The Jeff Awards recognizes theater excellence and honors theater artists through two annual awards ceremonies for Equity and Non-Equity theater performances.
Annual Awards Ceremonies
Equity Jeff Awards
Equity awards recognize outstanding achievement in productions performed under union contracts. The non-equity awards are traditionally held in June. The equity Jeff awards are traditionally held in June.
2023 Equity Jeff Awards Show
When: Monday, October 2, 2023
Where: Drury Lane Theatre & Conference Center
Address: 100 Drury Lane, Oakbrook Terrace, IL 60181
6:00 PM: Appetizers & Cash Bar
6:15 PM: Red Carpet Rolls Out
7:30 PM: Curtain Up Awards Ceremony
Later: Reception, Buffet, DJ, Dancing
$95 General Admission
Group Rates (10+) $70/Ticket
Door Sales Add $10/Ticket
Non-Equity Jeff Awards
Non-Equity awards recognize outstanding achievement in professional productions NOT operating under union contracts. The non-equity Jeff awards are traditionally held in June.
What does it mean to be “Jeff Recommended”?
“Jeff Recommended” is given to a production when, after the opening night of its run, at least one element of the show was deemed excellent by the opening night judges of the Jeff Awards. The entire production is then eligible for nomination for awards at the end of the season.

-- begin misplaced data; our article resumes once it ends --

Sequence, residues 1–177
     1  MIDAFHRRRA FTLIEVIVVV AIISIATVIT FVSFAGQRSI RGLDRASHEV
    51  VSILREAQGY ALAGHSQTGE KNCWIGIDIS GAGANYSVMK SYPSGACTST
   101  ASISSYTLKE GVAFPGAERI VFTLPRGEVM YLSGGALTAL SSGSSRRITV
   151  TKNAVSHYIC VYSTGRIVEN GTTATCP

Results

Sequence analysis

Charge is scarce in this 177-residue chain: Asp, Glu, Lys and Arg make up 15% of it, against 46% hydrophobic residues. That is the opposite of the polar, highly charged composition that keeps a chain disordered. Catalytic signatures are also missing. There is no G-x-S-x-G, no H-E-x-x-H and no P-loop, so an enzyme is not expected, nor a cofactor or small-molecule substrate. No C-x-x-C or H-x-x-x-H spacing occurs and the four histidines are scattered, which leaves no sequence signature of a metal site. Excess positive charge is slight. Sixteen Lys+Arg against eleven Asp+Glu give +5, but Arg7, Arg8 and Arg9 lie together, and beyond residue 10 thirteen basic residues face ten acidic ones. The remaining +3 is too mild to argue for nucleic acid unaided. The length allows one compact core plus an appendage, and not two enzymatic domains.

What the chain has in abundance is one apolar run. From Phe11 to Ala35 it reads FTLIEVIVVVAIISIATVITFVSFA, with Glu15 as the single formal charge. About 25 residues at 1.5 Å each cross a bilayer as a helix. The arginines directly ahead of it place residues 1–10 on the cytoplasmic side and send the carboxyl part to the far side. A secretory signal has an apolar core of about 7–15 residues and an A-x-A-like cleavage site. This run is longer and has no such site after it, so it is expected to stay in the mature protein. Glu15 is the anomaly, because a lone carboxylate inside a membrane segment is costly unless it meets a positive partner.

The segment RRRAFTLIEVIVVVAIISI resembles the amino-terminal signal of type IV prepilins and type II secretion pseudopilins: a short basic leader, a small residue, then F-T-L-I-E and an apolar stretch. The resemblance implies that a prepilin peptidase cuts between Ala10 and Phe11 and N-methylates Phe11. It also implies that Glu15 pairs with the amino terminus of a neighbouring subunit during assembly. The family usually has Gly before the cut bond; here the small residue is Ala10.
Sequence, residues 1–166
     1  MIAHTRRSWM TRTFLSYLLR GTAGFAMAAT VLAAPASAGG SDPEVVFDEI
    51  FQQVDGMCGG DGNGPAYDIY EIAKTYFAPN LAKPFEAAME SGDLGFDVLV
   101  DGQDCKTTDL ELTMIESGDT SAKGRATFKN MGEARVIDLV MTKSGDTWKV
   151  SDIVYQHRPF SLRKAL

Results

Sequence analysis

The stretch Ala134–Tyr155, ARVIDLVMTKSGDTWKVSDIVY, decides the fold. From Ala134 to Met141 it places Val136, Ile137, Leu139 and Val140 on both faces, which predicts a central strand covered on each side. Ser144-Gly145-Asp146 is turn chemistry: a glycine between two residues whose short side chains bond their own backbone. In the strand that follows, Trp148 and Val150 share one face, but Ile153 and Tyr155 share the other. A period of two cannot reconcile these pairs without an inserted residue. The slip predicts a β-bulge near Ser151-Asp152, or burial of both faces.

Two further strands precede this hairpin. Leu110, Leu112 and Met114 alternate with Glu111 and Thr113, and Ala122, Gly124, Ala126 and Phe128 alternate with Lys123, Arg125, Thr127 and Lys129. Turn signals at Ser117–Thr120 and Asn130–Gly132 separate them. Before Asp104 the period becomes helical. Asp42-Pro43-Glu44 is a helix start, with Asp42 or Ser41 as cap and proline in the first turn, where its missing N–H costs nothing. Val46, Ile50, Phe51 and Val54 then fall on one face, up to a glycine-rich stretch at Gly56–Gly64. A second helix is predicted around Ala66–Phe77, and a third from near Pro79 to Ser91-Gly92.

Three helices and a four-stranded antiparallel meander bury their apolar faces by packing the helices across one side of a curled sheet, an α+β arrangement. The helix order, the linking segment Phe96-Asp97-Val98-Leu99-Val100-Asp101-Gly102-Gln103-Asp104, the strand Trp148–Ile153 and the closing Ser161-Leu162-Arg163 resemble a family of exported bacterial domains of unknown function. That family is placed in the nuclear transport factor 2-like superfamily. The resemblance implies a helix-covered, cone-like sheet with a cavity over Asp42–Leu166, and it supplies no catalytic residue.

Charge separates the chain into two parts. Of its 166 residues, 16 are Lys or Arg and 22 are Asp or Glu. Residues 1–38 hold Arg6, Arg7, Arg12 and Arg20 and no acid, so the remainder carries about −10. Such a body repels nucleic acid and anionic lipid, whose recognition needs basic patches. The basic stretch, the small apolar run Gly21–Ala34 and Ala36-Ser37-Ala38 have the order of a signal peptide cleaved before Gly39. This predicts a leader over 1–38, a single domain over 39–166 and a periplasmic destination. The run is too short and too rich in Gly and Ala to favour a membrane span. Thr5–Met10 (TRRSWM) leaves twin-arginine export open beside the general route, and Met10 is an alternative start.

About The Jeff Awards
The Jeff Awards has been honoring outstanding theatre artists annually since it was established in 1968. With approximately 55 members representing a wide variety of backgrounds in theatre, the Jeff Awards is committed to celebrating the vitality of Chicago area theatre by recognizing excellence through its recommendations, awards, and honors.
The Jeff Awards evaluates over 250 theatrical productions and holds two awards ceremonies annually. Originally chartered to recognize only Equity productions, the Jeff Awards established the Non-Equity Wing in 1973 to celebrate outstanding achievement in non-union theatre.
The Jeff Awards are named after the successful nineteenth century actor Joseph Jefferson III. Jefferson appeared in Chicago nearly every season from 1880 to 1903, often in Rip Van Winkle, The Rivals, and Dion Boucicault’s The Cricket on the Hearth. He played at McVicker’s until 1895 and then, after J. H. McVicker’s death, at the Powers Theatre. He appeared for the last time in Chicago in September 1903, and for the last time on any stage in May, 1904.
He died in 1905 on April 23, the traditionally-accepted date of Shakespeare’s birth and actual date of his death.